When the pain began, Kevin assumed it was indigestion. He would occasionally experience bowel irregularity but would return to work anyway, fixing hot rods at a body shop in Carmichael. The 53-year-old didn’t grow alarmed until after about eight months, when he noticed a protrusion emitting from the side of his groin like a blister.
Kevin lacked adequate health insurance, and he had never met anyone with a hernia. His workplace, a small shop that he declines to name, is an environment of roaring engines, sleek paint and hot women — not the kind of place where men freely discuss genital discomfort … at least not in the clinical sense.
Kevin hit the Internet and diagnosed himself with an inguinal hernia. He purchased a hernia belt, which is like a jock strap that reduces pain and keeps your intestines from sticking out, and delayed what he knew would be an inevitable visit to the doctor. Meanwhile, under the surface of his skin, a tear had formed in Kevin’s abdominal wall and his intestines were pushing against the flesh.
“It progressively got worse,” he says. “The hernia got a lot bigger. It was excruciating. So I finally went to my general practitioner, and he suggested I go to a surgeon.”
After settling his insurance issues, Kevin underwent surgery in 2012, two years after his symptoms began. Complications arose. First, a water pocket developed in the hernia, preventing doctors from confirming the hernia with an ultrasound. Then came a CT scan. A surgery was performed to repair the hernia, and then another to drain the fluid. Kevin developed diverticulitis, inflamed or infected pouches in the wall of the colon. As a result, he now experiences recurrent pain in his stomach, fever, chills, bloating and gas, and diarrhea or constipation.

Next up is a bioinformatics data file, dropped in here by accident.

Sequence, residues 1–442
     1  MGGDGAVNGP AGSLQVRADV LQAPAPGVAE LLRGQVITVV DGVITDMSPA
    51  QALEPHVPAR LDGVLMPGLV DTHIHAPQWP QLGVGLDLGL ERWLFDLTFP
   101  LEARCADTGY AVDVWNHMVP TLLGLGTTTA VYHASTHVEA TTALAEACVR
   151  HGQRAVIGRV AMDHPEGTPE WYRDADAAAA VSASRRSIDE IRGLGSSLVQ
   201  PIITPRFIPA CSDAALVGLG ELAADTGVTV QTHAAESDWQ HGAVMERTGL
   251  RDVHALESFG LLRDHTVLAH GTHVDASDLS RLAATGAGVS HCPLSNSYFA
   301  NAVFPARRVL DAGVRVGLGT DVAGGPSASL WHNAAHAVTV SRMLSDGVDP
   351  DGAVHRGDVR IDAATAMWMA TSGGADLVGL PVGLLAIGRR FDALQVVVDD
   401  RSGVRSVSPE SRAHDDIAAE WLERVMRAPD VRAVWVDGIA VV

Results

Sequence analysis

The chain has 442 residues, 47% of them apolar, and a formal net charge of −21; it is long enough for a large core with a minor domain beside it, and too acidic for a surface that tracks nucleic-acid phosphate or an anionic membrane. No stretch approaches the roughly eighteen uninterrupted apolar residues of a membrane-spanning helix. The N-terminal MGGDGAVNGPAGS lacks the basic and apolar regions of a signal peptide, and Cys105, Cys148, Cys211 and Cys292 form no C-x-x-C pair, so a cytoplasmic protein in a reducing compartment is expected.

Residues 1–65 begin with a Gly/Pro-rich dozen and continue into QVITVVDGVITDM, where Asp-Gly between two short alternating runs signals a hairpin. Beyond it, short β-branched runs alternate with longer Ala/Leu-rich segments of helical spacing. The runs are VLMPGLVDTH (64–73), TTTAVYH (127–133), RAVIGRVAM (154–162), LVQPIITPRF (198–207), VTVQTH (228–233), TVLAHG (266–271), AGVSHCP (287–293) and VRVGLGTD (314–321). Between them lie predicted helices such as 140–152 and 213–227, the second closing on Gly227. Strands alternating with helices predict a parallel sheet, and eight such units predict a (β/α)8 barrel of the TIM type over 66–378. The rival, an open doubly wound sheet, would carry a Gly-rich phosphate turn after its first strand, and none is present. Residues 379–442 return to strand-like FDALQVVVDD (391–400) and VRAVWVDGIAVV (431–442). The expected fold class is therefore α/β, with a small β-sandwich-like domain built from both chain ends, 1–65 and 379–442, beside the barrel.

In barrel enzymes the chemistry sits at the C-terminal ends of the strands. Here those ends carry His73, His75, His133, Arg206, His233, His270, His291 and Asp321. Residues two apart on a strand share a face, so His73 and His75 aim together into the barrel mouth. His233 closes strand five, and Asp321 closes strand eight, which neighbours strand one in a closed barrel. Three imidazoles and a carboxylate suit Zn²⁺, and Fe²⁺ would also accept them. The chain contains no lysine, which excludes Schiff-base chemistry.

“It leaves the intestinal track very screwed up,” he says. “There’s nothing that a doctor can do about it. I just have to take steps to live with it.”
Those steps include an inability to eat processed foods, among other limitations. Kevin’s job as a mechanic involves some physical activity and has kept him in shape for the past few years. He has not yet returned full time.
“The lesson learned from my experience is don’t wait. As soon as you experience a hernia, see a surgeon,” he says.
Inguinal and femoral hernia repairs are among the most common surgeries in the nation, reports the U.S. Department of Health and Human Services. They have been studied for centuries and were first described as a “tear in the abdomen” by the Greek physician Hippocrates circa 400 B.C. But surgery wasn’t used to repair hernias until the 19th century. Results were poor until new surgical techniques emerged allowing for the reconstruction of the inguinal canal by suturing layers of muscles. Today, synthetic mesh devices are sometimes used instead of the sutures as a way to fortify the abdominal wall.
Health care giant Mayo Clinic describes symptoms of a hernia as a bulge near the pubic bone; a burning or aching at the bulge; and pain or discomfort, weakness or pressure in the groin. They also note that causes may include increased pressure in the abdomen or a pre-existing weak spot in the abdomen wall, straining, heavy lifting, excess weight, and chronic coughing or sneezing.
There are two surgical procedures used to repair an inguinal hernia — laparoscopic and open. Laparoscopic is less invasive, and patients who go this route typically experience less pain and can return to work and engage in activities quicker than an open surgery would allow.